Dr Susi Caesar is a GP and is Medical Director for Revalidation for the Royal College of General Practitioners.

Susi was part of the advisory group of doctors, patients and employers which was set up to help us review our requirements for patient feedback for revalidation. We’re now consulting on a number of proposed changes to give doctors more flexibility in how they collect and reflect on patient feedback.  Visit www.gmc-uk.org/feedbackyourway to find out more and take part in the consultation.

Here, Susi shares how patient feedback has helped her in the past and how changes to the process could bring further benefit to doctors.

Feedback from my patients is very important to me

From time to time, and I admit it’s usually when the going gets tough, I look back at the feedback I have received from patients. It reminds me of why I love being a GP, and helps me to recall the joy and privilege I feel at being at my patients’ side on their health journey.

Patient feedback has also been instrumental in creating critical changes in my practice. For example, I hadn’t realised the value of patient information leaflets until a patient wrote in a satisfaction survey on how much they value to have something to read, and re-read, with their family at home. Now, the leaflets are readily available across my practice.

Sometimes, the change has come from the more informal, unsolicited ‘by the way’ type of comment from a patient. One told me that it was a relief for them that I came to get them from the waiting room rather than them worrying about not being able to read or hear our automated calling system. So, I started coming out of my room and greeting every patient – not only do I get to assess any changes in their health watching them get up and walk down the corridor – but my wellbeing also benefits from a moment away from the screen and a few extra steps.

So, if patient feedback is welcome and important to my practice, why do I have mixed feelings about it?

It feels like an administrative burden. I believe this is because, paradoxically, the current requirement of one patient survey every five years in each revalidation cycle means that it is just an additional piece of work not sufficiently embedded into my practice to be seamless.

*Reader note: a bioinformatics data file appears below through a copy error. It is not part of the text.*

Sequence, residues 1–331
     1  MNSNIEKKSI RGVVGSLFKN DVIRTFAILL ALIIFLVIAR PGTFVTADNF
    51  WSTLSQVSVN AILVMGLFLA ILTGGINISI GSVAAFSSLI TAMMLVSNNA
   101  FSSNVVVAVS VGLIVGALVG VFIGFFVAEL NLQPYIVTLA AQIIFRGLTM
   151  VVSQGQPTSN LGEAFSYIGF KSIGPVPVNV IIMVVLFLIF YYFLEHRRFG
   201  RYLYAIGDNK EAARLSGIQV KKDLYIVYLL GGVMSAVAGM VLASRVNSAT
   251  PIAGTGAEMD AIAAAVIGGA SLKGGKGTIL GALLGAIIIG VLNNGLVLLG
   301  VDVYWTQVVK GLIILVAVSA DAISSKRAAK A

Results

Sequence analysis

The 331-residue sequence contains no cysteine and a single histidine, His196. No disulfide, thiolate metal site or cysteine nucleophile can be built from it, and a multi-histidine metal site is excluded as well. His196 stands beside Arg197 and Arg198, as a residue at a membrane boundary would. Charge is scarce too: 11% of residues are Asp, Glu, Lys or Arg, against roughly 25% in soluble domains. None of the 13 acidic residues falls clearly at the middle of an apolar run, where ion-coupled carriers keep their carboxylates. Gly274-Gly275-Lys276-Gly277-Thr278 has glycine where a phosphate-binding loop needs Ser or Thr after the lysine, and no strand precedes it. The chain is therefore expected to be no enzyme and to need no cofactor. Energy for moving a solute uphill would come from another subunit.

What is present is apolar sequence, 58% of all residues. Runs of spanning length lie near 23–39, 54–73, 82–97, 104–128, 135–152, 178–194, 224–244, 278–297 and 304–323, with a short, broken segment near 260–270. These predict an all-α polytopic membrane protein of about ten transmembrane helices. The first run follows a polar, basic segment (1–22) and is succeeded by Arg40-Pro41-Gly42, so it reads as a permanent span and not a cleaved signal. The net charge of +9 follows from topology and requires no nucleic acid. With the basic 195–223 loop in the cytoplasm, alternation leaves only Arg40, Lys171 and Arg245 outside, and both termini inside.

It can also seem artificial. I often feel that my patients tell me what they think I want to hear. This might be a well-needed boost to morale, but a survey comment of ‘good’ or ‘excellent’ doesn’t help me improve my practice. I value the free text comments the most – the more specific a patient is, the better.

Presently, patients that provide constructive criticism have it treated as a complaint. Letters to my practice that start: ‘I don’t want to make a complaint but I think you should know that…’ end up in our complaints process, and this is a nonsense. We all make mistakes. We all have our ‘oops’ moments where something could have gone better, but treating such feedback as a complaint is not a good way to process them quickly and make the appropriate changes to improve.

The changes I would welcome to the patient feedback process

I think the principle of patients being able to give feedback, as and when is convenient and accessible, is very important. Solicited feedback, where patients are specifically asked to respond when they otherwise might not, and unsolicited feedback, that is spontaneous, both have their roles to play.

I also believe that we have a lot to learn around interpreting patient feedback and how we share the changes that we make to our practice because of it. As a consumer, I am always pleased to know about changes an organisation makes that my views have contributed to. As a doctor, I want ways to tell my patients what I have done because of what they have told me.

I would like meaningful channels that are seamless and embedded into my practice, allowing my patients’ comments to reach me in a timely way. I would like feedback to be more specific, telling me more about what they think I do well, what they want me to keep doing, what they want me to do more of and, basically, what I need to do better.

And I really don’t want to have to ask my reception staff to hand out any more patient satisfaction surveys

If you are a doctor or a patient, please contribute to this GMC consultation on the best ways to give, collect and reflect on patient feedback.